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Juniper garden chronicle (BCHP 8)

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Antiochus I Soter as crown prince. Coin from the Museum of Anatolian Civilizations, Ankara (Turkey). Photo Marco Prins.
Coin of Antiochus I Soter (Museum of Anatolian Civilizations, Ankara)
The Chronicle concerning a service field (bît ilki) near the Juniper garden ("Juniper garden chronicle"; BCHP 8) is one of the historiographical texts from ancient Babylonia.

The cuneiform tablet (BM 32266) is in the British Museum. On this website, a new reading is proposed by Bert van der Spek of the Free University of Amsterdam (Netherlands) and Irving Finkel of the British Museum. Please notice that this is a preliminary version of what will be the chronicle's very first edition. This web publication is therefore intended to invite suggestions for better readings, comments and interpretations (go here to contact Van der Spek).

Babylonian Chronicles
Text and translation




The nature of this tablet is not easy to establish. In view of line 22’ it seems to be a chronicle, but the rest of the tablet more looks like a kind of court proceeding and has much in common with the Ruin of Esagila chronicle (BCHP 6). The substance of the conflict seems to be that a certain Greek mustered people (temple personnel) who worked on a service estate of a temple (for the army). The complaint may have been that the service was supposed to be done for the temple, not the king. The story has a happy end thanks to the digging of a new canal for the irrigation; possibly not more than a mere eyewash.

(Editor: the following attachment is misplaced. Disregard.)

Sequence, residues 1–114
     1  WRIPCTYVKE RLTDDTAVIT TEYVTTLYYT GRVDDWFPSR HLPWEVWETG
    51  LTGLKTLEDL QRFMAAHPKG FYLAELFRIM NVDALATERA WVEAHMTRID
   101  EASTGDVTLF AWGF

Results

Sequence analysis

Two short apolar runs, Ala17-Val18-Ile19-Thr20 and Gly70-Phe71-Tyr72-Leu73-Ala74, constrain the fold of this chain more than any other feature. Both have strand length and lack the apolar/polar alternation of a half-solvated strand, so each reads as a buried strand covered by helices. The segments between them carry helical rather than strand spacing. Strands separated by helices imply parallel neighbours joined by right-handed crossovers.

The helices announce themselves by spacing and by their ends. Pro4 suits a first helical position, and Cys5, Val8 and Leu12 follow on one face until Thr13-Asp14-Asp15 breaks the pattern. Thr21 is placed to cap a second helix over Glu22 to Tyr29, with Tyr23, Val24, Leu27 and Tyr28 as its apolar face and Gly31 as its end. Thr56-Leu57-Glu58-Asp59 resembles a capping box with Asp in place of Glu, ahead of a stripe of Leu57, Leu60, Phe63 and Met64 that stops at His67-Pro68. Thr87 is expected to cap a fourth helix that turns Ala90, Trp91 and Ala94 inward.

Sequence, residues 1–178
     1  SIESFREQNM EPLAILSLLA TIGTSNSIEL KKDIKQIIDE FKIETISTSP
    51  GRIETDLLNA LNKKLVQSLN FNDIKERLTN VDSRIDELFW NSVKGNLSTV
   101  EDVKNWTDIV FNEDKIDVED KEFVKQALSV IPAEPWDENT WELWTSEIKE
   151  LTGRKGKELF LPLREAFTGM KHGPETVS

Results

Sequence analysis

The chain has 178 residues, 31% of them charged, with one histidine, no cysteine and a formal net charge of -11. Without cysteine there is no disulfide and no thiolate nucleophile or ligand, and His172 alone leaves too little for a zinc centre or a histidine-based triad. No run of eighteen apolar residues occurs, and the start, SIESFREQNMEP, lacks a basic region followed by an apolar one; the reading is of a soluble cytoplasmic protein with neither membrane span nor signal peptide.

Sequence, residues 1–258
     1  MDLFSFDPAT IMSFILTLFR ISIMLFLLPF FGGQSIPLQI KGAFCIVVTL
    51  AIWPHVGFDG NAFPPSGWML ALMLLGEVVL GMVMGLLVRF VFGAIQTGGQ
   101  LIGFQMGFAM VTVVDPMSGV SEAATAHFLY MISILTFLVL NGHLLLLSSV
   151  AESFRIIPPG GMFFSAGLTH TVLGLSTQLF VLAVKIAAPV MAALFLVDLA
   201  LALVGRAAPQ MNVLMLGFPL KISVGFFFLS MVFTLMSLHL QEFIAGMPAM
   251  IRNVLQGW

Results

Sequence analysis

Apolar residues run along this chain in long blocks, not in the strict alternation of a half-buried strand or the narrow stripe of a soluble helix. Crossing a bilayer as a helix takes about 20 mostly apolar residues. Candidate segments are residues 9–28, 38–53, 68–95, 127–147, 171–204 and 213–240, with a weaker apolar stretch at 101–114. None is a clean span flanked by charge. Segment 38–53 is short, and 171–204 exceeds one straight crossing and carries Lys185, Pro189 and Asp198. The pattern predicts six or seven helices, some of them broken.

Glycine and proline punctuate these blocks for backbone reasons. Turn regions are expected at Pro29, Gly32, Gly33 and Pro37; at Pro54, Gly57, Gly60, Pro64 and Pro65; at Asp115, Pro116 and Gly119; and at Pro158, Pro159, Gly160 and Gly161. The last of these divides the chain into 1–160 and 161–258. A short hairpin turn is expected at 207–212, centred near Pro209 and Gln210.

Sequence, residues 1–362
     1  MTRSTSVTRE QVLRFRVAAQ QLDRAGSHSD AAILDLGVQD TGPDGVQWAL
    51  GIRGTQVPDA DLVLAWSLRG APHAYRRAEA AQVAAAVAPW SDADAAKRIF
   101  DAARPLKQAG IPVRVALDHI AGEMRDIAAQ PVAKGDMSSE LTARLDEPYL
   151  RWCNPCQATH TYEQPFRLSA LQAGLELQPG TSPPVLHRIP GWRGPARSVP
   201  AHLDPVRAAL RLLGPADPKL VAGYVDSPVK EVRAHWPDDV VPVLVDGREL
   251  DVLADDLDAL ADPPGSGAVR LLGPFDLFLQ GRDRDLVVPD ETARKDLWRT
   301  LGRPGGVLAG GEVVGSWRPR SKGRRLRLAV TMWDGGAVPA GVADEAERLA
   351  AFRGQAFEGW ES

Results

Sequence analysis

It is difficult to date this tablet. It seems that the Antiochus and Sin chronicle (BCHP 5 = ABC 11), the Antiochus and India chronicle (BCHP 7 = ABC 13A) and this one were written by one and the same scribe. All three have the same peculiar spelling for the word "Greek" as E-man-na-a (Antiochus and Sin chronicle [BCHP 5] rev. 2’; Juniper garden chronicle [BCHP 8] rev. 5’ and this one rev. 13’), instead of the common Ia-man-na-a-a.

Furthermore in two chronicles mention is made of India (Antiochus and Sin chronicle [BCHP 5] obv. 14 and Juniper garden chronicle [BCHP 8] obv. 14). The removal of the debris of Esagila is mentioned in two of the documents (Antiochus and Sin chronicle [BCHP 5] obv. 5; Juniper garden chronicle [BCHP 8]: rev. 22’). Finally the Juniper Garden is mentioned in Antiochus and India chronicle (BCHP 7): rev. 8 and the Gold theft chronicle (BCHP 15) obv. 8 and rev. 19.

All three may then deal with Antiochus, the crown prince (Antiochus and Sin chronicle [BCHP 5] obv. 6, 10, rev. 3’, 6’ and 11’; Antiochus and India chronicle [BCHP 7] rev. 10’ [name alone]; Juniper garden chronicle [BCHP 8]: obv. 14’ [title alone?]. The Ruin of Esagila chronicle (BCHP 6) also concerns Antiochus, the crown prince, but in this document the word "Greek" is spelled kurIa-a-ma-nu (obv. 7’).

The spelling E-man-na-a-a is also attested in Astronomical diary No. -324 A Obv’ 15, unfortunately in a broken context, concerning months I-VI of the 12th year of Alexander the Great = 7 April to 30 September 325 BCE. The name of that scribe is partly known: he was the astronomer [....]-Bel?, son of Mušallim-Bel, probably the same person or the brother of Bel-apla-iddin, son of Mušallim-Bel, descendant of Mušezibu (= possibly Belephantes, the Chaldaean who warned Alexander the Great for his predicted death in Babylon; Van der Spek 2003, 333; Lendering 2004, 344). The writing with E-ma-na-a-a is attested in an administrative document (BM 79001) dated to year 4 or 5 of Antigonus Monophthalmus.

Obv. 7’